I’ve seen stories like this before and have read accounts here about people who buy insulin from Canada due to the price advantage and ultimately much less hassle. This video is about people with diabetes linking up in their hometown of Minneapolis, Minnesota, and taking a six-hour shared road trip to Ontario, Canada, to stock up on insulin priced at only 10% of the same formulation as in the US.
Seeing the video drives home the point that these are real people, like you and me. I admire their pluck and willingness to act. It would be better if their road trip was not necessary.
Although not in the same boat as them, I buy my Fiasp from Canada, out of pocket.
I pay more because I have it shipped, and they mark it up because they know this.
Still, after shipping, I pay around $57 per vial of Fiasp. Which is considerably less than buying it here in the states! But I have to buy 9 vials at a time to get that level of discount.
I have VA, and they do not yet have Fiasp in their formulary. Who knows how long it will take them to add it. They guessed about 4 to 5 years.
It’s too bad that we didn’t model the Medicare Part D drug coverage legislation after the VA. They can use their volume buying power in the market to reduce cost. The Part D law prohibited the use of large volume purchases to drive prices down. That law was a gift to Big Pharma.
It’s nice that the Canada option provides an affordable alternative while you await the VA’s inclusion of Fiasp in their formulary.
I agree it’s not right Jim. But it’s not right that people outside of the US wait for months for things like MRI’s. Socialized medicine kills by the omission of timely care. Rationing medical care means those that need something done NOW will either suffer, die or be seriously impacted by delays in tests and procedures.
Countless people come to the US for medical care. Some Americans go over the borders to get cheaper meds. It’s all not great, is it?
That is against US law. You can legally get 90 day supply for yourself from Canada but not for anybody else. The law is very clear on that point. My concern would be going up with a large group on a bus, US customs could be sticklers when the bus re-enters into the US due to the large amount being imported into the US, especially since it can be expected that 90 supply requirement will most certainly be well padded. I drive up and pick mine up right over the border, the pharmacy is no farther than 800 feet or so over the line and the customs officer always asks a bunch of interesting questions but has never even asked to see my prescription which you also need in your name to match your passport.
Thanks @Terry4! Great video showing our reality! Why oh why can’t the US of A get on board and do for us what Canada is doing for … the world?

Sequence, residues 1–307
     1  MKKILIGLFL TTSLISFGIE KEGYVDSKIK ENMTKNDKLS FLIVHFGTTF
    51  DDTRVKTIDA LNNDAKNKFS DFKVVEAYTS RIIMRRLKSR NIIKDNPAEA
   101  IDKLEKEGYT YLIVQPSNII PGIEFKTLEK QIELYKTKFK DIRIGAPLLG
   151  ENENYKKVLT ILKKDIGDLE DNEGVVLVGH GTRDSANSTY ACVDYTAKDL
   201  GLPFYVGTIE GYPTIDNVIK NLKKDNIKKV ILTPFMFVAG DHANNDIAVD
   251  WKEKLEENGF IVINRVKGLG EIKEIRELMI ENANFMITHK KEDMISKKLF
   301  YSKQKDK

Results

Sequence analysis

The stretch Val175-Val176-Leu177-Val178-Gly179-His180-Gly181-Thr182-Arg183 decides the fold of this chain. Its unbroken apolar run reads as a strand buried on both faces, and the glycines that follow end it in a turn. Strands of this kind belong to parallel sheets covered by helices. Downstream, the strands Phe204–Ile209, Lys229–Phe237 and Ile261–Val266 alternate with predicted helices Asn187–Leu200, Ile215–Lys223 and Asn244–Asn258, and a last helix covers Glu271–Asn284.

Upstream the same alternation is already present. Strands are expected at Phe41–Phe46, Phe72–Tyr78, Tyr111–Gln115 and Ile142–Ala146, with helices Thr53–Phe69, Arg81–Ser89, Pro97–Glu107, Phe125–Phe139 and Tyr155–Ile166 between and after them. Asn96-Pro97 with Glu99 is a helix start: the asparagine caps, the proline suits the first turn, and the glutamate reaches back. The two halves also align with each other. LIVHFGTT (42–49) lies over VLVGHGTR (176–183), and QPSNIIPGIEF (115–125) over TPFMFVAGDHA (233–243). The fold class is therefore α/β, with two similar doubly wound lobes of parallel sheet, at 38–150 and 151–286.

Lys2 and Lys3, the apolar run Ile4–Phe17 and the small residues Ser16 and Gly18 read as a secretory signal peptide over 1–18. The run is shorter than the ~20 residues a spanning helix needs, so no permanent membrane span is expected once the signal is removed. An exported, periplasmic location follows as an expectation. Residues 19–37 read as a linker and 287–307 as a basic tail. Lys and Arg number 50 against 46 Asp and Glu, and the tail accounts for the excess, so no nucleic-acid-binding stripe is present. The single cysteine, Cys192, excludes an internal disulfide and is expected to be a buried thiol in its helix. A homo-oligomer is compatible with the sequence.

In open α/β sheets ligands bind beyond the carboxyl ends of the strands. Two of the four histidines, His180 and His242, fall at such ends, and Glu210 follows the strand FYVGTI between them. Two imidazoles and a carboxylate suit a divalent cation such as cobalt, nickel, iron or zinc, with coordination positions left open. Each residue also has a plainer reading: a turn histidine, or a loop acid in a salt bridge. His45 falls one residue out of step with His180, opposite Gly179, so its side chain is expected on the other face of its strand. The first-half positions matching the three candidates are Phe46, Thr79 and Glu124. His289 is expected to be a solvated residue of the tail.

@Dave44 I hear what you are saying, Canadians, with socialized medicine, can’t just schedule an MRI (or surgery) and expect it to be within the next few days or week, but may have to wait a year or longer. You’re right … “it’s all not great”!
Somehow we need to blend both ideas, both philosophies, into one; then, we’ll get somewhere!
Parents are their children’s legal guardians. Is it illegal for a parent/guardian to purchase medications for their child who is not of legal age? I can’t see that legal fine point standing up in court.
Dave, I understand your point. And as a Canadian, we (those living here) often have delays that are unacceptable. This would be for everything ranging from diagnostics (ultrasound, echos, CT and MRI’s) to procedures (any sort of orthopedic replacements, surgeries, etc).
I’ve travelled to Mayo Rochester twice for over a months worth of diagnostics so I’m quite familiar with the costs Canadian citizens are willing to bear for their health and survival.
And yet somehow your government(s) allows the large Insulin manufacturers to charge you in excess of 10x’s what the identical product is sold for in most of the rest of the world.
The drugs in Canada are not subsidized by the government or socialized medicine. It’s an arrangement Lilly and the other manufacturers entered into years ago to sell for “reasonable prices”.
It is not the method but principle of universal coverage and the execution. There are more people on socialized medicine (i.e. Medicare) in the United States than the entire population of Canada. It is essentially the exact same system we have, but even better because it covers prescription drugs and CGMs. I think a lot of this is overblown though, because I doubt you would find one Canadian who would trade our system for the American health care system, and most people cannot afford to travel south for procedures and do not. Private health care rations through cost. Our health outcomes, and the outcomes in many countries with “socialized medicine” exceed the United States. Does that mean it’s perfect? Absolutely not, but I have no doubt the United States could expand Medicare for all and do a far better job of it than Canada or the UK.
I agree with your analysis. We in the US need to accept that some countries take care of their resident’s health better than we do. Some of the US health care outcomes, like infant mortality, ranks us behind all countries with comparable economies. Yet we pay far more per capita for health care than any other country on earth.
“no one is happy” is not factual. There are plenty of people happy with their health care system. Just ask those who got reamed by Obamacare and the false promise of “if you like your doctor…”. And weirdly enough, now there are those who are complaining if Obamacare is finished. So it seems like there have been quite a lot who are happy with their health care after all. I can’t complain about Medicare as it gives me better coverage (along with the supplement) than what I had with a number of common group health plans.